The Airborne Toxic Event: an art project disguised as a band, and a damn good one

:: The Airborne Toxic Event ::
 :: Bluebird Theater :: Feb. 23 ::

By Timothy Dwenger

A band leader is often born out of many awkward teen years toiling in a friend’s garage, working on songs he would never admit to today. Maybe he followed that with a classic rock cover band that might have gotten a few gigs at local bars and frat houses in college, and then two or three mediocre original bands before he finally landed that sweet opening gig on a Sonic Youth tour … or something like that.

It is pretty rare that a successful journalist-turned-aspiring-novelist decides one day to drop everything and start a rock band, but that’s exactly what happened in 2006 when Mekell Jollett decided to form The Airborne Toxic Event. “I’d just gotten into Yaddo, the writers program in upstate New York, and I’d just gotten an agent for my book,” Jollett told The Marquee, days before The Airborne Toxic Event set out for the U.K. to kick off nearly three months of touring on two continents.  “I was at this crossroads where I could have gone deeper into my writing career but I just suddenly snapped and decided I had to start a band. Everyone thought I’d lost my fuckin’ mind.  When I told my folks they were like, ‘WHAT!!!’ and they looked at me like I was nuts. But, suddenly the idea of being alone in a room for three months or six months or a year as this tortured solitary writer just wasn’t how I wanted to spend my time.”

In fact, just about everyone, from friends to prospective band members, were shocked when Jollett told them the news but it was a fire burning within him that he couldn’t ignore. “Sometimes night writing is just absolute drudgery and other times it is three in the morning, your brain is buzzing, and the ideas are just pouring out. A lot of these songs were written on nights like that and I had such a strong desire to see what would happen if I actually got a group of people in a room, plugged in an amp, pounded away, wailed, and jumped around on stage,” Jollett said. “I had written songs alone in my room for a year and no one had ever heard them. I was just so curious about what it would sound like, and feel like, and be like, if I played them in front of people.”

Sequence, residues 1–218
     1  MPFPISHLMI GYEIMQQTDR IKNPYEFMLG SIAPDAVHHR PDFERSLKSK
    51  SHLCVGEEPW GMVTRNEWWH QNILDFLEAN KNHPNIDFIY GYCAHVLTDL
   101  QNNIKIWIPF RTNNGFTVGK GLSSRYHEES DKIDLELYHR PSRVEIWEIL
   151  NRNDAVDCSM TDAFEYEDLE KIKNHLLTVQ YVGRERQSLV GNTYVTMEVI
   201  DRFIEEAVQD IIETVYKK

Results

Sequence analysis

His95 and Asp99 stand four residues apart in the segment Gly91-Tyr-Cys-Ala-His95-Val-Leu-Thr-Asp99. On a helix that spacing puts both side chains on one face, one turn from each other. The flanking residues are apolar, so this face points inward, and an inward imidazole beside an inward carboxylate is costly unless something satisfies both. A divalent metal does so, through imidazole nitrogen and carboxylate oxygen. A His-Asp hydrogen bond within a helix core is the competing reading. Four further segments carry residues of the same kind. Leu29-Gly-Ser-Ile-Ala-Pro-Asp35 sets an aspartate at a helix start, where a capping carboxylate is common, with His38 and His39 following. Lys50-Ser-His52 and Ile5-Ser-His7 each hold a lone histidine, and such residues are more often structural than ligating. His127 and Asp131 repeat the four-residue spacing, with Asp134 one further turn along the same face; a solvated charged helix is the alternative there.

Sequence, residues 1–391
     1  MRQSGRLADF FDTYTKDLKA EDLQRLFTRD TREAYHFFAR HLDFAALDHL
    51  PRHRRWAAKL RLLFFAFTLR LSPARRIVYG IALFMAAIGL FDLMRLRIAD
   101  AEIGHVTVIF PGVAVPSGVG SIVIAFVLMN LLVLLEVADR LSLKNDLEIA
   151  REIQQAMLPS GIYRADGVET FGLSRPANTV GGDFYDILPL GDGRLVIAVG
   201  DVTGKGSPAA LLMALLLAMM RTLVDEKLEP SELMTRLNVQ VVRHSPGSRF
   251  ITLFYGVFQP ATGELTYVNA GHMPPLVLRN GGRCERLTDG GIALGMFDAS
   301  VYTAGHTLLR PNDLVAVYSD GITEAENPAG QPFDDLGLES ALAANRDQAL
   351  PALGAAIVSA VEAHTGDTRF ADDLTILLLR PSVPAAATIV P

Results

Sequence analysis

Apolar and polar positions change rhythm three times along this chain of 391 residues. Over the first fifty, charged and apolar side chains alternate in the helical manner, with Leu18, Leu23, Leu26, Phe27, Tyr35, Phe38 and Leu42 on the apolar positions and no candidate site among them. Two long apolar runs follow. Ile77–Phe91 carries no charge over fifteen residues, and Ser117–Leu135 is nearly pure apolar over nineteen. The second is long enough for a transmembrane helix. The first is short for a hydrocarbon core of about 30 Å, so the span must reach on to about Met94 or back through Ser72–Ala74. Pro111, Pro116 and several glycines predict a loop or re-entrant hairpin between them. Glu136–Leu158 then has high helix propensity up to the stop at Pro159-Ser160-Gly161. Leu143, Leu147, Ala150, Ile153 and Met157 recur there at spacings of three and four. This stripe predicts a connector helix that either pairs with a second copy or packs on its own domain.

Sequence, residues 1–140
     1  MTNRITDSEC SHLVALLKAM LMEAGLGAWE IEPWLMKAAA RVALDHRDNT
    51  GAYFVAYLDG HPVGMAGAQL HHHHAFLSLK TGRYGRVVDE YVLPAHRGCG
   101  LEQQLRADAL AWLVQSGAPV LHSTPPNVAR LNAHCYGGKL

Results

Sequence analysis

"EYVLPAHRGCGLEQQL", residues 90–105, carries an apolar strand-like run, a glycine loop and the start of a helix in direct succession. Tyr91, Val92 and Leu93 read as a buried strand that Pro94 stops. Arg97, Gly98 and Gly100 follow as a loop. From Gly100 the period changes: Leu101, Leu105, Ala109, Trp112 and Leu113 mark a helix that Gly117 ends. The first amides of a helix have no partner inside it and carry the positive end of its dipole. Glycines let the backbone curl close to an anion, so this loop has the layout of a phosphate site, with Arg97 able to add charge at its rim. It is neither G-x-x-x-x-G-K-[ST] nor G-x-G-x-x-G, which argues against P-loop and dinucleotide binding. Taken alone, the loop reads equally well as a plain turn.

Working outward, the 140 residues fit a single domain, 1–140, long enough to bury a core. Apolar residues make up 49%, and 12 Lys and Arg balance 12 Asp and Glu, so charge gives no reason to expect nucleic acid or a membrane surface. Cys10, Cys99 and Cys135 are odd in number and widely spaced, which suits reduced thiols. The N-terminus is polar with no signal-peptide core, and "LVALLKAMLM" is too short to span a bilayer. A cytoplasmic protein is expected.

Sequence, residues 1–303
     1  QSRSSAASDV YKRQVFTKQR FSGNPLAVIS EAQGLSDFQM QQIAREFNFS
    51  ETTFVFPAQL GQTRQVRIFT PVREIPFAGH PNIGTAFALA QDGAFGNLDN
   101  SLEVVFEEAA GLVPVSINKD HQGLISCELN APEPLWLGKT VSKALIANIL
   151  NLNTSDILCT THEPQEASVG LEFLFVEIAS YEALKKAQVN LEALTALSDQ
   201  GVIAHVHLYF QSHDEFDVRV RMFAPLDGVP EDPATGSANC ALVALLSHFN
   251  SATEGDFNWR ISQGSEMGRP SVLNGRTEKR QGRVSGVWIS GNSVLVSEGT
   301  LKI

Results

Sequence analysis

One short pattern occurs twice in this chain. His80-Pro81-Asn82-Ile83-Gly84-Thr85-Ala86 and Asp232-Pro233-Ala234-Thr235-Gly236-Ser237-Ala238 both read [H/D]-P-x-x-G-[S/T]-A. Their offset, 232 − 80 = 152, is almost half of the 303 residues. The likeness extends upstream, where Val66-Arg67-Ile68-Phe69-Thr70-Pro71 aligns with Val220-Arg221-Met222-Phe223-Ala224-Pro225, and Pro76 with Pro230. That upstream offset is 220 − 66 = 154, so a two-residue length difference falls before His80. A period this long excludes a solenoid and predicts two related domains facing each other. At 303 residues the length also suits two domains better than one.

Despite the skepticism from friends and family, it turns out that starting a band was one of the best ideas that Jollett ever had. Within three months of becoming a band The Airborne Toxic Event was packing The Echo in L.A. and the scene was out of hand. “There were about 400 people in the room and about 100 lined up out the door. Darren was up on stage banging the shit out of a car hood that we found at a dump and Anna ran back there and banged on it with him while I was out in the crowd, singing with an arm around somebody. By the end of the set there were 15 people up on stage singing the last song with us. You could feel the energy and the sweat in the room. The whole disinterested, cool, indie thing just went out the fucking window,” he said. “At that point in L.A., there was this sense that you went to an Airborne show to dance and jump and scream.”

It wasn’t long before L.A. radio stations KROQ, Indie 103, and 98.7 FM took notice of the scene surrounding the unsigned band and, in an unprecedented move, added their song “Sometime Around Midnight” to their play lists.  The reaction was amazing, the phones were ringing off the hook with requests for the track, and soon the major labels were breaking down Jollett’s door and offering huge contracts. The only problem was that the majors viewed the band’s self-recorded debut record as a demo and Jollett knew it was more than that. “They kinda gave us a pat on the head and said, ‘Hey that was great, you made a nice little record, now here’s what we think you should do …’ And we were like, ‘NO! That’s our record. That’s what we want to put out.’ Nobody would just put it out as-is on a major label and we said, ‘Fuck that, we’re not changing it,’ and ended up turning down literally hundreds of thousands of dollars and going with an indie,” said Jollett.

The “indie” that Jollett and his bandmates ended up signing with was L.A. based Magordomo Records because of the faith the label put in the band’s vision to release the album exactly as it was. “First and foremost we are a live band and our record is a live record. All those songs were recorded in analog, live, and in one take. When we made it we had been playing live shows around for a while and our goal with the record was to capture that live energy on tape. So our record is a shoddy re-creation of our live show and not the other way around,” said Jollett.

It has not been an easy road for The Airborne Toxic Event but they have done it their way, and by playing countless live shows have created quite a fan-base; even in the U.K., where their album hasn’t even been released yet. “Last November we did 30 shows in 30 days in the U.K. We wanted to make the point that music is about being in a room with people and getting the fuck off of myspace or whatever and physically dripping sweat on someone as they drip sweat back on you. We are an art project disguised as a band, disguised as an art project, and we wanted to bring that mentality to every little shithouse club in the U.K. that we could,” Jollett explained.  “It’s all about being in a room with people and feeding off the energy that is created.”

:: The Airborne Toxic Event ::
:: Bluebird Theater :: Feb. 23 ::

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